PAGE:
Let $B(t)$ be standard Brownian motion on $[0.1]$

Define $W(t)$ as follows

$W(t) = B(t) - \int_0^t \frac{B(1)-B(s)}{1-s} \, ds$

Prove $W(t)$ is also Brownian motion

So I'm not sure how to deal with the integral here. In order to show it, too, is Brownian motion I think I would need to

  1. Make an argument that the transformation is linear and hence also Gaussian
  2. Show that $E[W(t_1) - W(t_2)] = 0$ for any $t_1>t_2>0$
  3. Show the variance of $W(t_1) - W(t_2) = t_1 - t_2$ or an equivalent covariance function
  4. Finally make an argument that separate increments are independent. Though this would follow trivially I think from the fact $B(t)$ is brownian motion with independent increments.

But yeah, how do I deal with the integral?

  • $\begingroup$ Hint: Integration is a linear functional. $\endgroup$ – A.S. Oct 31 '15 at 6:59
  • $\begingroup$ Is it valid to say $E[\int[B(1)-B(s)]/(1-s)ds$ $=$$ \int (EB(1) - EB(s))/(1-s)ds$ since the integral is Linear? As that would make arguing the expectation is 0 trivial I guess, and when calculating the variance it would just give me a usual integral in s. By the way I appreciate the help A.S. $\endgroup$ – Patrick Oct 31 '15 at 7:00
  • $\begingroup$ Yes. Expectation is just another integration and you can swap order of well-behaved integrals. $\endgroup$ – A.S. Oct 31 '15 at 7:04
  • $\begingroup$ When you say "well-behaved" would that just mean the expectation doesn't depend on the bounds of the integral, or would it be a variety of things? $\endgroup$ – Patrick Oct 31 '15 at 7:07
  • $\begingroup$ Look up Fubini's theorem $\endgroup$ – user223391 Oct 31 '15 at 7:10

Recall the following characterization of (one-dimensional) Brownian motion

A stochastic process $(W_t)_{t \geq 0}$ is a Brownian motion, if and only if,

  1. $(W_t)_t$ has continuous sample paths.
  2. $(W_t)_t$ is a Gaussian process with mean $0$ and covariance $\mathbb{E}(W_s W_t) = \min\{s,t\}$ for all $s,t \geq 0$.

As $(W_t)_t$ has obviously continuous sample paths, we just have to check the second property.

Since $(B_t)_{t \geq 0}$ is a Brownian motion, it is in particular a Gaussian process and so

$$B_t - \sum_{j=0}^{n-1} (B_1-B(t_j)) \frac{1}{1-t_j} (t_{j+1}-t_j)$$

is Gaussian for each $n \in \mathbb{N}$ where $t_j := \frac{t}{n} j$. If we let $n \to \infty$, then we get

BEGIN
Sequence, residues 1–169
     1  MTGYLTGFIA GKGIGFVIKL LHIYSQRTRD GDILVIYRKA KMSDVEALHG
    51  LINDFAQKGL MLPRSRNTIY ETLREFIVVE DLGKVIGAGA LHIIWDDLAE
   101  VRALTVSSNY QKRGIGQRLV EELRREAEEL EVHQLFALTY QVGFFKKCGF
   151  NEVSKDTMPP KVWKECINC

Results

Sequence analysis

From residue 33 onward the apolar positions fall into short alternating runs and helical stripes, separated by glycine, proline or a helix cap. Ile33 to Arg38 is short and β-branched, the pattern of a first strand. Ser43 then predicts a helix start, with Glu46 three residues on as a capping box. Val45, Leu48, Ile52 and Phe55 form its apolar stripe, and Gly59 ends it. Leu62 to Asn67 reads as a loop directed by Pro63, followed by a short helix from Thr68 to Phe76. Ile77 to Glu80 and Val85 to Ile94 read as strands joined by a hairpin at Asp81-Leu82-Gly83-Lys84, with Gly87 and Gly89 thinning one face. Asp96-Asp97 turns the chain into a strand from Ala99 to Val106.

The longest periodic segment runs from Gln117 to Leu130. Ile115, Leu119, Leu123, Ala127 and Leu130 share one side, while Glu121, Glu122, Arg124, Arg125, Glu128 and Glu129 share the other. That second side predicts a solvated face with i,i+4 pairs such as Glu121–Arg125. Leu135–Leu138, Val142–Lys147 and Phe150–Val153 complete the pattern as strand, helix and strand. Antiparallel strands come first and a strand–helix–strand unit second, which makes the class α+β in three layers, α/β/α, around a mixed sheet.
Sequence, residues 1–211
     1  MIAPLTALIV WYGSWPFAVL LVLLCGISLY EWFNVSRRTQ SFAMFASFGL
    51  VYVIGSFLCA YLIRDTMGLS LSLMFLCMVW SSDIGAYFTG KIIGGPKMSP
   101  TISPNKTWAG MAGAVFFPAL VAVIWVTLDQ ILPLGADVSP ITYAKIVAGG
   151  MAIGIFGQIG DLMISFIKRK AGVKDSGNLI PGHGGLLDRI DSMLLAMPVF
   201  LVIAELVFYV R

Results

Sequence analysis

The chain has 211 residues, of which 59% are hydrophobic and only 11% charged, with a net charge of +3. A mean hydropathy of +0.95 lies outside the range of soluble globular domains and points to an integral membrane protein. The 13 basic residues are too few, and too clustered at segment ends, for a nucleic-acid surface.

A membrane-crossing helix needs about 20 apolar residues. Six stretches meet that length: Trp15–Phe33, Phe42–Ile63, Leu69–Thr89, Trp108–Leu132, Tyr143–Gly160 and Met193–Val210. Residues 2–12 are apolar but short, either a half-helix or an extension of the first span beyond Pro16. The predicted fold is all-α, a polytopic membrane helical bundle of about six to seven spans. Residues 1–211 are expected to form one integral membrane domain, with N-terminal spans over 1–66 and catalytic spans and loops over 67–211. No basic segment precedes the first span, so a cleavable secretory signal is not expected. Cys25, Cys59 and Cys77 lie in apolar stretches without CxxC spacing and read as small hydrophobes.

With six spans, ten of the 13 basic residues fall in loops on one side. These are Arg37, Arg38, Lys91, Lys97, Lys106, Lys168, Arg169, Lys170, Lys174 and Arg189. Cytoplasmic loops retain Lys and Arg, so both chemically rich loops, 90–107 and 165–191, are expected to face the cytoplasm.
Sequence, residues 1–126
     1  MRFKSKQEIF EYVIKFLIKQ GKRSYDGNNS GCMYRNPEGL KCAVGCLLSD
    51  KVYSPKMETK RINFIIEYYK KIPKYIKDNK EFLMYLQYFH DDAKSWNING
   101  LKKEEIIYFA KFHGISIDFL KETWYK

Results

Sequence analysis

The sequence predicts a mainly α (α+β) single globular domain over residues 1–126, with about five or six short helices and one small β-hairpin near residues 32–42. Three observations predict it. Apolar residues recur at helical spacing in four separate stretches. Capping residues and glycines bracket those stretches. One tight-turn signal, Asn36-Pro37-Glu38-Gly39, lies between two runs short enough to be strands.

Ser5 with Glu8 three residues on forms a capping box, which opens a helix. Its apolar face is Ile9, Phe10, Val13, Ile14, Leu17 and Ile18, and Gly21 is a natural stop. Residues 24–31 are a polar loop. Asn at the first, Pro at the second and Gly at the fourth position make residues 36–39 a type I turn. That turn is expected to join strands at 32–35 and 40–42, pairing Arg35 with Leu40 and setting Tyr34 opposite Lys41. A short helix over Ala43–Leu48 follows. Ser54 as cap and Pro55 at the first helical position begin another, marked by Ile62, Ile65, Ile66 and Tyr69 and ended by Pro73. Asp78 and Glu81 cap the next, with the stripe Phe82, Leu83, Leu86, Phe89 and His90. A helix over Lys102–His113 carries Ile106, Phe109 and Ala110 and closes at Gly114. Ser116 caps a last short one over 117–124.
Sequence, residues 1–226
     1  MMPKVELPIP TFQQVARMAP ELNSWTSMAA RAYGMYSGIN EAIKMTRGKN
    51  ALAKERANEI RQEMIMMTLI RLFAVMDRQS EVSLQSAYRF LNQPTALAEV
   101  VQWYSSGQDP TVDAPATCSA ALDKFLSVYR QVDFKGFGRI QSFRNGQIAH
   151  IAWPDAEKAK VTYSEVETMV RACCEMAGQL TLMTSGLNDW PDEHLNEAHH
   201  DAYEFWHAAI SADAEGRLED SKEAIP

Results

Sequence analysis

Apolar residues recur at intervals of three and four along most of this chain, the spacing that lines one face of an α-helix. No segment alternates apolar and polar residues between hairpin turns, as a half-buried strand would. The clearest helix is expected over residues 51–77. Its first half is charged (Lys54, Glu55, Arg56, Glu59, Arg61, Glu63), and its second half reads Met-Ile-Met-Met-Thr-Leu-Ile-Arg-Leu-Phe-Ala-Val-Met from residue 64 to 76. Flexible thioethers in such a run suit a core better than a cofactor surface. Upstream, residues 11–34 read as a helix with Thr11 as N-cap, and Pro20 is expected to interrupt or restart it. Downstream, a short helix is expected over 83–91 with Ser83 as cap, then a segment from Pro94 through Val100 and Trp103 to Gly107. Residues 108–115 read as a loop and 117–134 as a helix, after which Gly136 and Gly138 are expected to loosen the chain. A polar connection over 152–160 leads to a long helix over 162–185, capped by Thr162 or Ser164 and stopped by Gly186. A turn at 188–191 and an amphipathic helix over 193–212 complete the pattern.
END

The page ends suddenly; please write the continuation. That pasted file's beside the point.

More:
$$W_t = \lim_{n \to \infty} \left( B_t - \sum_{j=0}^{n-1} (B_1-B(t_j)) \frac{1}{1-t_j} (t_{j+1}-t_j) \right)$$

is Gaussian as a limit of Gaussian random variables. Since this argumentation applies in exactly the same way to the joint distributions $(W_{s_1},\ldots,W_{s_m})$ where $s_j \geq 0$, we get that $(W_t)_{t \geq 0}$ is a Gaussian process. It remains to check mean and covariance.

By Fubini's theorem, we have

$$\begin{align*} \mathbb{E}(W_t) &= \underbrace{\mathbb{E}(B_t)}_{0} - \mathbb{E} \left( \int_0^t\frac{B_1-B_s}{1-s} \, ds \right) = - \int_0^t \underbrace{(\mathbb{E}(B_1-B_s)}_{0} \frac{1}{1-s} \, ds = 0. \end{align*}$$

Now fix $r \leq t$.

$$\begin{align*} \mathbb{E}(W_r W_t) &= \mathbb{E}(B_t B_r)- \mathbb{E} \left( B_t \int_0^r \frac{B_1-B_s}{1-s} \, ds \right) - \mathbb{E} \left( B_r \int_0^t \frac{B_1-B_s}{1-s} \, ds \right) \\ &\quad + \mathbb{E} \left( \int_0^t \int_0^r \frac{B_1-B_u}{1-u} \frac{B_1-B_v}{1-v} \, du \, dv \right) \\ &=: \mathbb{E}(B_r B_t) +I_2+I_3+I_4 \end{align*}$$

If we can show that $$I_2+I_3+I_4 = 0$$ we are done. Using $\mathbb{E}(B_u B_v) = \min\{u,v\}$ for any $u,v \in [0,1]$ and Fubini's theorem, we find

$$ \begin{align*} I_2 &= \int_0^r \frac{\mathbb{E}(B_1 B_t-B_tB_s)}{1-s} \, ds = \int_0^r \frac{t-s}{1-s} \, ds \\ &= - \log (1-r) t + r + \log(1-r) \end{align*}$$

as $r \leq t$. Similarly,

$$\begin{align*} I_3 &= \int_0^t \frac{r- \min\{r,s\}}{1-s} \, ds = \int_0^r \frac{r-s}{1-s} \, ds + \int_r^t \underbrace{\frac{r-r}{1-s}}_{0} \, ds = \int_0^r \frac{r-s}{1-s} \, ds \\ &= (1-\log(1-r)) r + \log(1-r) \end{align*}$$

and, finally,

$$\begin{align*} I_4 &= \int_0^t \int_0^r \frac{1-v-u+ \min\{u,v\}}{(1-u)(1-v)} \, du \, dv \\ &= \int_r^t \int_0^r \frac{1-v-u+ u}{(1-u)(1-v)} \, du \, dv + \int_0^r \int_0^r \frac{1-v-u+ \min\{u,v\}}{(1-u)(1-v)} \, du \, dv \\ &= (t-r) \int_0^r \frac{1}{1-u} \, du + 2 \int_0^r \int_v^r \frac{1}{1-v} \, du \, dv\\ &= -(t-r) \log(1-r) + 2 ((1-\log(1-r))r + \log(1-r)) \end{align*}$$

where we have used in the penultimate equation that

$$\begin{align*} \int_0^r \int_0^r \frac{1-v-u+ \min\{u,v\}}{(1-u)(1-v)} \, du \, dv &= \int_0^r \int_0^v \frac{1}{1-u} \, du \, dv + \int_0^r \int_v^r \frac{1}{1-v} \, du \, dv \\ &= \int_0^r \int_v^r \frac{1}{1-u} \, dv \, du + \int_0^r \int_v^r \frac{1}{1-u} \, dv \, du \\ &= 2 \int_0^r \int_v^r \frac{1}{1-v} \, du \, dv. \end{align*}$$

Adding all up, we get $I_2+I_3+I_4 = 0$ and this finishes the proof.

  • $\begingroup$ Thanks so much, your answer also helped me solve two similar proofs. I can't upvote because of my rep, but your help is very much appreciated. $\endgroup$ – Patrick Oct 31 '15 at 22:17
  • $\begingroup$ @Patrick You are welcome. Thanks for letting me know that the answer helped you. $\endgroup$ – saz Nov 1 '15 at 6:16

Your Answer

By clicking “Post Your Answer”, you agree to our terms of service, privacy policy and cookie policy

Not the answer you're looking for? Browse other questions tagged or ask your own question.